Parties often avoid controversial concepts during the election campaign. However, we want to know what they think! Here’s a roundup of their opinions on those.
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The idea of climate “emergency” is not unanimous even if all the parties questioned recognize the need to act for the climate.
The Bloc and the Liberals use this word without hesitation.
“The latest IPCC report is devastating and concrete measures must be put in place without delay to fight the crisis”, for its part supports the NDP.
For the Conservative Party, naming these two words is not so easy. Training leader Erin O’Toole recognizes the existence of climate change, but that’s about where it ends. More than half of Conservative members rejected a motion in March to recognize and address the existence of climate change.
Jagmeet Singh (NDP) and Justin Trudeau (Liberal Party) write repeatedly in their platform that systemic racism exists and rages in Canada.
For his part, the Conservative leader, Erin O’Toole, does not even name the word “racism” in his platform. “There is racism, but Quebeckers and Canadians are not racists,” the Conservative Party told us in a written response.
The leader of the Bloc, Yves-François Blanchet, is divided. In debate last week, he admitted that the concept existed, but said it did not affect Quebec. In response to our questions, his party referred to the aboriginal reality only. “Indigenous peoples are completely excluded from Canadian society,” we were told.
The leader of the Liberal Party, Justin Trudeau, has already acknowledged the existence of genocide following the tabling of a national inquiry report into murdered Indigenous women and girls.
The Bloc and the NDP also use that term – the New Democrats say the genocide is still going on.
Erin O’Toole is the only federal leader not to speak of “genocide”. However, he agrees that the proliferation of residential schools throughout the history of Confederation “is a national disgrace”.
The “woke” movement
Several commentators are increasingly referring to the “woke” movement, in the face of the proliferation and development of certain left-wing ideas. The debacle of statues, the censorship of certain words and the refusal to welcome certain lecturers in universities are notably associated with it.
No party talks about it in its platform, even if they are monitoring the phenomenon, with more or less concern.
The Bloc says “to observe a certain more radical movement of the militants of the left, in particular those which promote revisionism” cancel culture “”, we were told.
In the Conservative Party, we fear the rise of a “minority of individuals who want to destroy our history and our culture, in the name of marginal ideas”.
The NDP recognizes the existence of “more protesting movements in the country […] with the aim of creating more harmonious societies ”.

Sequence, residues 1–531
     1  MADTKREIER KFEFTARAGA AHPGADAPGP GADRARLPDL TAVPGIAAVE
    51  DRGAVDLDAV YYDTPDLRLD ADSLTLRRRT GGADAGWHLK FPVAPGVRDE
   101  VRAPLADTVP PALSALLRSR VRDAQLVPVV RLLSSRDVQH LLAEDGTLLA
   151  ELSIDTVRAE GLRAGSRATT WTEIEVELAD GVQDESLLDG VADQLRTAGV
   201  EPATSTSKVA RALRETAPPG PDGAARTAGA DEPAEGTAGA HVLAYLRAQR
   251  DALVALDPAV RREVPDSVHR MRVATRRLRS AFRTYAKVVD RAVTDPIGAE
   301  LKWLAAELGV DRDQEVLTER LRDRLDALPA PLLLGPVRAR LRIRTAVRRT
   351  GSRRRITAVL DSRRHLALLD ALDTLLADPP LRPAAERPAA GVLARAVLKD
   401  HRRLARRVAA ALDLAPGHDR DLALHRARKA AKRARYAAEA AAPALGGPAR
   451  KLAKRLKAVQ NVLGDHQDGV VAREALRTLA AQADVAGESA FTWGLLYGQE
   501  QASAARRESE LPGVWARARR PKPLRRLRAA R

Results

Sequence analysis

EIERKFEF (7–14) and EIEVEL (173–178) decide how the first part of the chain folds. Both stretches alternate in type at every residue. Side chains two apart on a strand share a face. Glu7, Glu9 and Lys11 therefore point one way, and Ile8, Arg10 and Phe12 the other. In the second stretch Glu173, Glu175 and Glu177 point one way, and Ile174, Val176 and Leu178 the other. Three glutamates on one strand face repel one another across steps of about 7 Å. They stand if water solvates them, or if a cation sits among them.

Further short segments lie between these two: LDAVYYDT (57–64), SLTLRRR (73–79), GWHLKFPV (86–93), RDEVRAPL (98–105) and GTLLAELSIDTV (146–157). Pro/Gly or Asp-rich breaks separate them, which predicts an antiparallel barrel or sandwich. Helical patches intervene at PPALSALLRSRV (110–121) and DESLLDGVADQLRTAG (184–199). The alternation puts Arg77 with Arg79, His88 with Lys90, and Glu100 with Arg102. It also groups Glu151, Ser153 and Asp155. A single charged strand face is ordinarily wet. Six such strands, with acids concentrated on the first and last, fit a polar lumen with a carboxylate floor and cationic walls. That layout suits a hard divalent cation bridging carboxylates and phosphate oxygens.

As for the Liberal Party, accused of “wokism” by several critics, it does not mention this term on any of these platforms, nor has it commented on it in public outings.
Economic degrowth as a solution to fight climate change is not very popular among parties.
The Bloc is adamant: no, degrowth is not right, we were told. “We believe fundamentally that there is a way to reconcile the environment and the economy.”
The same goes for the Conservatives, who are betting on growth and wanting to protect the environment “without sacrificing jobs”.
The PLC did not want to answer our questions on the subject, but it plans to make significant investments in the economy in the midst of the health crisis.
Only the NDP does not seem closed to this radical idea. “There are adjustments to be made to our economy because it is clearly not working right now. […] for the environment ”, we were told.
A secular state, separated from religion
The controversial Law 21, which prevents the wearing of religious symbols for several State employees, may be talked about, the very principle of the secularism of the State (that is to say its separation from the Church) is rather unanimous.
The Bloc fully supports Bill 21. The NDP and the Liberal Party have repeatedly stated their intentions to support a protest, without opposing the secularism of the state as such.
As for Erin O’Toole, he has repeatedly said that he does not approve of the idea of the State Secularism Act, but that he will not challenge it. Called by the “24 hours” to comment on the very principle of secularism, the CCP sidestepped the issue.
Is PCRE still right to exist?
Not all parties view the Canadian Economic Stimulus Benefit (CEP) – formerly known as the CEP, in a positive light.
The Liberal Party, which launched it last year, sees it as a still relevant solution.
On the Conservative side, Erin O’Toole wants to end emergency programs of this type “gradually and responsibly.” The Bloc also wants to suspend the PCRE, in particular because it considers that it is “linked” to the shortage of manpower.
The NDP does not agree. According to the political party, which also believes in the need for a guaranteed basic income, the PCRE must not disappear. “[Elle] is now at $ 1200 per month; it is clearly not an incentive to stay at home, ”argues Jagmeet Singh’s party.
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